MPG Posted: May 7, 2007 9:36 PM >I realize this latter comes as news to you, and you've >never heard about big players in business getting giant >rewards even as the stockholders take a bath. Shh! >Let's not wake Haim.)
So, your theory is that if titans of industry can shake down stockholders and get away with it, the teachers unions should be able to shake us down and get away with it. What's good for the goose is good for the gander, eh? How about a little equal opportunity corruption, is that it?
Well, if you want to apply to teachers the same rules that apply to corporations, then I am your man. But. It has to be a package deal. I.e., it has to be all the rules.
I must say, despite all your protestations to the contrary, you seem to be just full of socialist myths (and full of something else, as well). You seem to think that corporate executives rob employees and shareholders blind and get away with it. Obviously, there are crooks among titans of industry just as there are crooks in every walk of life. What you seem to miss, though, is that corporate crooks go to jail all the time. Your favorite thief Ken Lay, for instance, was looking at 30 yrs in jail when he dropped dead of a heart attack. (Some people will go to any lengths to escape punishment.)
The problem for corporate crook wannabees, you see, is that people take a highly proprietary interest in their money and their livelihoods. A lot of very interested, very motivated people are always watching. For instance, no single executive can do much; there are always a lot of people involved in anything they do and collusion is very hard to organize and sustain. Also, there are the employees, particularly internal auditors. And from the outside come public auditors, shareholders, and industry analysts. All these people have a vested interest in the integrity and good performance of the corporation, and it is nearly impossible for an executive to hide his nefarious deeds from all of them for any significant amount of time.
(What made Enron so unusual is that Lay's public auditors conspired with him. Personally, I have had an abiding suspicion that the CPA's did not actually conspire in the usual sense of the word. I suspect Arthur Andersen were just out of their depth; they did not understand what Lay was doing. Well, they were paid to understand, they should have understood, and now they are in that great big staff room in the sky. Arthur Andersen, RIP.)
By all means, then, let's do it. Let's make teachers and administrators responsible to "stakeholders" (that would be us parents) in the same way that corporate executives and directors are responsible to shareholders. I want a code of ethics with teeth. I want professional standards a la law and accounting, with the teacher equivalent of disabarment. I want to see teachers losing their licenses and going to jail for crimes specific to the teaching profession in the just the same way that execs go to jail for crimes specific to their line of work.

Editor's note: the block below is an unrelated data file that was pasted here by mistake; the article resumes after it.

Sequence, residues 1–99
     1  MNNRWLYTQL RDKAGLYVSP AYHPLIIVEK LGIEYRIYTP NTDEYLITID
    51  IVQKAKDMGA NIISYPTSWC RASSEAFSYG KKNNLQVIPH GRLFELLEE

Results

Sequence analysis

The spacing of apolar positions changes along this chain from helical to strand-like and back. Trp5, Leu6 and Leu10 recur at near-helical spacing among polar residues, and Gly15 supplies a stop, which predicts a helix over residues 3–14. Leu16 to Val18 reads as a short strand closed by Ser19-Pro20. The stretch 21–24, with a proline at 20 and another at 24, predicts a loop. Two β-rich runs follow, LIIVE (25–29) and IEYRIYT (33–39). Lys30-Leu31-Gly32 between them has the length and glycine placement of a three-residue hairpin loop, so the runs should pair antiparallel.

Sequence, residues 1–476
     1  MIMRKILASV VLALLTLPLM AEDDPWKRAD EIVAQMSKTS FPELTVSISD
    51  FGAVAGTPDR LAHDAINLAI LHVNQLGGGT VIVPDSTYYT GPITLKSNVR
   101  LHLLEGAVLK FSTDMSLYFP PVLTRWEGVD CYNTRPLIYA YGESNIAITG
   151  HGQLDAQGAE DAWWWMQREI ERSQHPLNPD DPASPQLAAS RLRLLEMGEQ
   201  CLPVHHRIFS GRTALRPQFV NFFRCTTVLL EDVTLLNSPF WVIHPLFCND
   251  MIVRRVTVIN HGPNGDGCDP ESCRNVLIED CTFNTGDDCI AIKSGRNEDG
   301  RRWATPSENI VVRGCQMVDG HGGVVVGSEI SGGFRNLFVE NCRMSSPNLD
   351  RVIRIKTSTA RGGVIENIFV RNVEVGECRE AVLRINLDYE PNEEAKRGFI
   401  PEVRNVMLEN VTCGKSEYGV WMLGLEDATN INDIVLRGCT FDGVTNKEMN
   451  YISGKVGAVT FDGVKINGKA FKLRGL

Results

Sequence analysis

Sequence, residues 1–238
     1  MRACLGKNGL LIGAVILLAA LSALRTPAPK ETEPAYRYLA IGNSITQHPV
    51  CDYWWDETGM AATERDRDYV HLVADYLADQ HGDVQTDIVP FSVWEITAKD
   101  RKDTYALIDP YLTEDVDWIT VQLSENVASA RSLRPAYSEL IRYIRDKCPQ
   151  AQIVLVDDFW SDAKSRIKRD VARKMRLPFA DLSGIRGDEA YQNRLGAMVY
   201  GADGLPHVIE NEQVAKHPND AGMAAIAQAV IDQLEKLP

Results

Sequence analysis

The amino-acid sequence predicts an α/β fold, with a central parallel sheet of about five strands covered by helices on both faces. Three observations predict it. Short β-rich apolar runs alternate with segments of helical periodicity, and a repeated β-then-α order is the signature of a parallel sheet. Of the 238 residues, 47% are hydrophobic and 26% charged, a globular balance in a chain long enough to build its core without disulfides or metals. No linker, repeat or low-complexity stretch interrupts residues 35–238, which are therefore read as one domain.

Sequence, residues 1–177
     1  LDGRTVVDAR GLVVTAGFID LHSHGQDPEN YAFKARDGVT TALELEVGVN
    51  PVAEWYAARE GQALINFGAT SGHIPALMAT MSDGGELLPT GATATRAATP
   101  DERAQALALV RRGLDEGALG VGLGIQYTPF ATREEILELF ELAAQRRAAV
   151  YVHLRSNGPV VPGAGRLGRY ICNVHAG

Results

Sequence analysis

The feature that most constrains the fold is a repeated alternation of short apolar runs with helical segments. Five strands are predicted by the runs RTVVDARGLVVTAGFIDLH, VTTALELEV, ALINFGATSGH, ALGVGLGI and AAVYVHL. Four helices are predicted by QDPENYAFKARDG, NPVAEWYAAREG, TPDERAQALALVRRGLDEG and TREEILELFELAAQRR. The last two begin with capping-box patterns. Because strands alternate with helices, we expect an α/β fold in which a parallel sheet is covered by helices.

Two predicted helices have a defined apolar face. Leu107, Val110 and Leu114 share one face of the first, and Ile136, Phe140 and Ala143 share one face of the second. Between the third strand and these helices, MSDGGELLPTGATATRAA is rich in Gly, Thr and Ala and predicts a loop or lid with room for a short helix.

Let me elaborate that last point. Teachers do go to jail, sometimes, but only for breaking the same kind of laws that apply to everyone else. With some frequency we read of teachers going to jail for statutory rape, for selling drugs to minors on school property, and more rarely for assault. Anybody else would go to jail for the same crimes.
On the other hand, executives go to jail, or pay very stiff fines, for crimes unique to their station in life. For instance, they go to jail for insider trading, unregistered sales of securities, deceptive market timing, accounting fraud, illegal trading schemes, and so on. All these are not "natural" crimes in the sense that in other times and places any one of these acts might have been perfectly legitimate, and non-executives are actually impotent to even commit the crimes. There are no biblical commandments against insider trading or accounting fraud. Indeed, most people have a hard time even understanding the nature of insider trading. You doubt that? Ask any three people why Martha Stewart went to jail. (Yes, yes, she took a plea bargain on that charge.)
I want to see teachers, administrators, and ed school professors fined or jailed for education fraud, and disbarred for incompetence. I would love to see some kind of government agency that advocates for parents in the same way, and with the same muscle, that the SEC advocates for investors.
>Could the alternative be that I found your carping >about educators and money nauseating in light of those >to whom you give carte blanche and wished to point that >out with a tiny bit of sarcasm?
Carte blanche exists nowhere outside your own fevered imagination. Directors and executives of large corporations are powerful, to be sure, but there are powerful forces watching them. These people lose their jobs, pay ruinous fines, and go to jail all the time, whereas teachers bristle at the very notion that anyone would be watching over their shoulders and hold them accountable. You remember accountability? Standardized testing? Merit pay? (Ah yes, it's all coming back to you.)
You remind me of an old Wall Street Journal cartoon. Two well dressed men are walking down Wall Street and one says to the other, "This is a high crime neighborhood: fraud, embezzlement, defalcation..."
So, what do you say, Mike? Do you still want to use corporations as the model for schools and teachers? I am ready when you are.